Regionals in Review

Before we get to reviewing the action from Regionals, let’s take a look at our sessions for Nationals, which were announced officially today.

Afternoon Session:
[2] UCLA
[3] Oklahoma
[6] Nebraska
[7] Utah
[10] Stanford
[11] LSU

Evening Session:
[1] Florida
[4] Alabama
[5] Georgia
[8] Arkansas
[9] Oregon State
[12] Ohio State

This marks the third straight year that UCLA has found itself in the early session and the third straight year Florida and Alabama have been in the evening session. Some variety would be nice, but the time of the sessions is largely irrelevant. The only notable thing the draw would influence is the AA title, but I don’t think there’s much evidence to support the claim that the later session has a statistical AA advantage. It doesn’t matter. The teams in the early session will be sure to emphasize that they like this placement because it gives them more time to rest before Super Six, but I expect any team to be able to handle either session.

The afternoon session is a bit deeper in that it does not have three clear favorites, but I don’t think UCLA or Oklahoma should be that concerned by the draw. Both teams had some struggles at Regionals and still went over 197, and it’s unlikely that we will see teams fail to advance to Super Six while scoring a 197 in the Semifinals. I will do a series of Nationals previews over the next two weeks and will get into this in much more detail then.

For now, let’s talk about the weekend’s action from Regionals.

When there is so much going on at the same time, it is often difficult to digest exactly what’s happening and make evaluations based on it. Now that some time has passed, the situation we saw play out at Regionals becomes a bit clearer.

To start, no one was that amazing. We some some great individual rotations and a few teams excel on most events, but no one earned the title of Nationals Favorite based on the performances from Regionals, which makes the Nationals picture even more interesting. Nearly all the best teams scored in the low 197s, and nearly all of them are capable of so much more. Let’s take a moment to break down what we saw. I would normally add videos to illustrate the action, but we don’t have a ton of individual performances online yet, so enjoy some endless text!

Top Qualifier:
We’ve had a tumultuous season thus far that has seen many teams claim the mantle of title contender, whether realistic or not, but Florida has always been the odds-on favorite (with a peaking asterisk). Nothing changed after Regionals. The Gators were not phenomenal, especially on beam where we saw some seriously tentative gymnastics from the freshmen, but there were enough improvements from SECs for anyone to be optimistic about Florida’s chances. They proved they are still on an upward trajectory. Vault in particular was the best it has been all season in terms of containing landings. Kiersten Wang stepping in for Ellis was a completely different gymnast than we saw in January. At times this season vault was lagging behind, but that rotation at Regionals proved that they can compete with UCLA on this event (I hesitate to retain Alabama in that same category, and we’ll get to that soon).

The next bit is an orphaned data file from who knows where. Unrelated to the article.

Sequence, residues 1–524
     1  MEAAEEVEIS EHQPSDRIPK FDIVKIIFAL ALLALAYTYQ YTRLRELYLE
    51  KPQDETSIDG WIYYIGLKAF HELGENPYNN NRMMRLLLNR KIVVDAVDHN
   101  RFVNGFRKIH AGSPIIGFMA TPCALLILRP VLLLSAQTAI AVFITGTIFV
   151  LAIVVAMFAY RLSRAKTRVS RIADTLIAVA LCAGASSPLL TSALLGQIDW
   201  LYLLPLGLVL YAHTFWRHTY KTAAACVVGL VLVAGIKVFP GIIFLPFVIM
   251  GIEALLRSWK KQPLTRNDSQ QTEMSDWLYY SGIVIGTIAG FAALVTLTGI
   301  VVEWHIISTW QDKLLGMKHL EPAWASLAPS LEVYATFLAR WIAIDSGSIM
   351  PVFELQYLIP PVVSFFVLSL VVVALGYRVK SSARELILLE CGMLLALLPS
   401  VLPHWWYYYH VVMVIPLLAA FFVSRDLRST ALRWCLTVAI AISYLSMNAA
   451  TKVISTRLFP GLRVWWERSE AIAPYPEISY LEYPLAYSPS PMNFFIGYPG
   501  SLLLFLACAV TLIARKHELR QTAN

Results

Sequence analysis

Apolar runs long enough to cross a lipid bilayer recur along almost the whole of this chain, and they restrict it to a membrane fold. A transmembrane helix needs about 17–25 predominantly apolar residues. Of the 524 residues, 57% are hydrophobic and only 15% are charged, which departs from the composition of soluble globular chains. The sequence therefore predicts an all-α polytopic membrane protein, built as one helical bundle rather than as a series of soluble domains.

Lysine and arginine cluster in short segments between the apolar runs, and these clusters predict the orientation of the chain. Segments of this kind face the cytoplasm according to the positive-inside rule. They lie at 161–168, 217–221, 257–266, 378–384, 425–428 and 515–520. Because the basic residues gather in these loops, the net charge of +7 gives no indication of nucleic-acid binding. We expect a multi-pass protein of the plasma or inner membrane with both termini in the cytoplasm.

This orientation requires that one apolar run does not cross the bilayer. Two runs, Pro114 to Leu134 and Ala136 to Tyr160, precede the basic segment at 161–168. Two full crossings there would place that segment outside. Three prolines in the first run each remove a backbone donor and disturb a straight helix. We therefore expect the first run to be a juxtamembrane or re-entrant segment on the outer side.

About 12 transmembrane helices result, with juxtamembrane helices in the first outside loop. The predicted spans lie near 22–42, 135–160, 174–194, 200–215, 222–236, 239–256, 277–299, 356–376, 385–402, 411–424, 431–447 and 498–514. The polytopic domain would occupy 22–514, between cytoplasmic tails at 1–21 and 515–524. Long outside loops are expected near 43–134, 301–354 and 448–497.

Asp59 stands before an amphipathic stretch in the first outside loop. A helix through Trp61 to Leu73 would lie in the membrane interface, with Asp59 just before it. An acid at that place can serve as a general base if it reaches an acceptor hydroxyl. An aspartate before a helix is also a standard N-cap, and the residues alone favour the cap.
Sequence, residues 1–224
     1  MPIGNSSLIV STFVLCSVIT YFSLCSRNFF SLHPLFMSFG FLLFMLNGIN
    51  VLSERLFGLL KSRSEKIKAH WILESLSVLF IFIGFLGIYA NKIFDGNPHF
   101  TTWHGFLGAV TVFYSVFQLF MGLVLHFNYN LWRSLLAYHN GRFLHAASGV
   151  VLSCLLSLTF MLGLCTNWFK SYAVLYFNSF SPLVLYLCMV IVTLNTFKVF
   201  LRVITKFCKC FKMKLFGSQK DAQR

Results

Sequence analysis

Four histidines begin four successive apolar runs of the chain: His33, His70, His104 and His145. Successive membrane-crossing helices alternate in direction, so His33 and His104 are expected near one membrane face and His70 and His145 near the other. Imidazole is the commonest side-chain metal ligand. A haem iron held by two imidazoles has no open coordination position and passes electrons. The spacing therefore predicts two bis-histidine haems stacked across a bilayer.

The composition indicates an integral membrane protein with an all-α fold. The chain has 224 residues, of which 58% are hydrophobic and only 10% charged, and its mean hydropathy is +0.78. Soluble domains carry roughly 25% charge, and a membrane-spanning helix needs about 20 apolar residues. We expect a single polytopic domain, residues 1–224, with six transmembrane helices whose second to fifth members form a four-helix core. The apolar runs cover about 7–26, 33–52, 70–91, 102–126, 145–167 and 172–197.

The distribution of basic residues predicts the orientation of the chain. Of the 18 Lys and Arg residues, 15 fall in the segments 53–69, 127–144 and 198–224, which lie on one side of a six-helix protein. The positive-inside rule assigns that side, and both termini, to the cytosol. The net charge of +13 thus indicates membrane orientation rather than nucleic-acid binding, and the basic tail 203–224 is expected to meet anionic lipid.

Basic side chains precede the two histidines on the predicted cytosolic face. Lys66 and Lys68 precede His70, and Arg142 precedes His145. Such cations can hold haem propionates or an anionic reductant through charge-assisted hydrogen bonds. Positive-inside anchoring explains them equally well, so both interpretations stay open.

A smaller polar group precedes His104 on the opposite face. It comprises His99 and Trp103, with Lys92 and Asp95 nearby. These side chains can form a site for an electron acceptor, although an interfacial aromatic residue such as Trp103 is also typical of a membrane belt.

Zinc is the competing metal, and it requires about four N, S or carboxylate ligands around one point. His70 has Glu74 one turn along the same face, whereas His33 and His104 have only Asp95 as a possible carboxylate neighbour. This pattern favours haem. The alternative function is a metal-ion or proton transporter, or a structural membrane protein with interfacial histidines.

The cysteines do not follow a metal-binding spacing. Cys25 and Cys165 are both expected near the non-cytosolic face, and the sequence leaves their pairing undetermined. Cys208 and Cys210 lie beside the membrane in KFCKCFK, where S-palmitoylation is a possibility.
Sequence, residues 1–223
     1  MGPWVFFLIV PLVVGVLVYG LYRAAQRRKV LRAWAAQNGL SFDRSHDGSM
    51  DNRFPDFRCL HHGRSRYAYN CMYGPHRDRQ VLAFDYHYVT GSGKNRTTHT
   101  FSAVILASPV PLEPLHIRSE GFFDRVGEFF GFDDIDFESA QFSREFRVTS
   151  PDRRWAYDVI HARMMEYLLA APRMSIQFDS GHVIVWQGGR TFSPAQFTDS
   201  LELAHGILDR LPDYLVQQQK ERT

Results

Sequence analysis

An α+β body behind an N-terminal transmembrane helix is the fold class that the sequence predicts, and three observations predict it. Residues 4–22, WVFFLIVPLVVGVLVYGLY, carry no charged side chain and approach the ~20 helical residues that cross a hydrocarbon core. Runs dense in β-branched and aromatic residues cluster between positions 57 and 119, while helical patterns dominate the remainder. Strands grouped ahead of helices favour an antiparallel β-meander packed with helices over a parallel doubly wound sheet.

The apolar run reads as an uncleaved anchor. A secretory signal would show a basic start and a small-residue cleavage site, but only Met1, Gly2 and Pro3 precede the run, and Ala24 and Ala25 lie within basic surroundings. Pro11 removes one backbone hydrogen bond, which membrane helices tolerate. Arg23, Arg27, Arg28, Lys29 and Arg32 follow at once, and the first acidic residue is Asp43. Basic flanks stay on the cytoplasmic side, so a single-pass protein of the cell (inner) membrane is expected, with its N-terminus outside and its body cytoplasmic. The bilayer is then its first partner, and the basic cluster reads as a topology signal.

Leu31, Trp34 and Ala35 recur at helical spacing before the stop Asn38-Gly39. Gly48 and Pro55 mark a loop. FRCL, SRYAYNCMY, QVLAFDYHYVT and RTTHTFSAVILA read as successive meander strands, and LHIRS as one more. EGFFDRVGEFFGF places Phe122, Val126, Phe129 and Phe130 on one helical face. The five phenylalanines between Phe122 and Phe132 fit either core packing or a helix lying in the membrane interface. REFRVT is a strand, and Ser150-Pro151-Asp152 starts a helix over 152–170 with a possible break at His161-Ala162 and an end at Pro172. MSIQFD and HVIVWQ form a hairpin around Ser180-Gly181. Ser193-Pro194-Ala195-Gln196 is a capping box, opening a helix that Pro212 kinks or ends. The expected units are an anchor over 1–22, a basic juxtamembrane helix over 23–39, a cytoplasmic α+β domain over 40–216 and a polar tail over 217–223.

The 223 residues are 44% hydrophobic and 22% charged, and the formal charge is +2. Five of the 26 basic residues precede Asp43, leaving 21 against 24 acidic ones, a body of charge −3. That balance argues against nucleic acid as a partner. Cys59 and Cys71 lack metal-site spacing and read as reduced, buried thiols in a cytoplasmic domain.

We know Florida can win the National Championship, but they have to continue on this same path. The landings still need to improve (on vault King and Hunter can do better and they still scored 49.550, and there were two OOBs on floor), and I have some concerns about Rachel Spicer in that second position on beam. The performance from Regionals will not win Nationals in its own right, but no other team proved more capable.

Heir to the Throne:
The UCLA Bruins posted the second-highest score from Regionals, and that’s cause for the same kind of optimism that Florida fans should have because UCLA was not so awesome for large periods of that meet and still came out of it with a comfortable score. They performed one of their best floor rotations of the season, but every other event had problems. That probably should be a concern because we have yet to see amazing gymnastics from this team, but this is UCLA. More than any other team, UCLA doesn’t need precedent to pull out a great performance. Only one vaulter performed up to capability at Regionals, and they still scored a 49.450. If Frattone and Zamarripa hit well, that’s a 49.600 rotation. Also encouraging for UCLA is that the most crucial unexpectedly low scores came from Aisha Gerber,   a solid senior without a history of mental collapse, so I wouldn’t bet on that becoming a trend.

The true concern for the Bruins coming off Regionals is the bars. It’s not a concern solely because of De La Torre’s fall (though she needs to be going 9.850). It’s a concern because there is a lot of just OK gymnastics. Larson incurs way too many deductions for her talent level, and Gerber cannot have a January-type landing at this point in the season. As it stands, this team probably tops out at 49.200-49.250 on a good day. That’s not a National Championship kind of rotation. They have to stick every landing to squeeze as much as possible from bars, and I’m not sure that’s going to happen.

Also Contenders, But . . .
Oklahoma and Alabama have been right in the mix all season, but the Regionals performances for both of these teams give me a few more reasons to be concerned than I have for Florida or UCLA. Oklahoma managed well enough at Regionals, especially with a makeshift lineup after the injuries to Nowak and then Ward. Beam was excellent and they scored better on floor than I expected, which should be encouraging. Like UCLA, they had some lackluster performances on bars, but the biggest red flag was the weakness on vault because vault is the highest scoring event nationally. Even if UCLA has a bad bar rotation, or Florida has a wobbly beam, they are both going to drop only a couple tenths on the better performing teams, but Oklahoma could legitimately face a four or five tenth deficit just because of vault, which could be too great to overcome.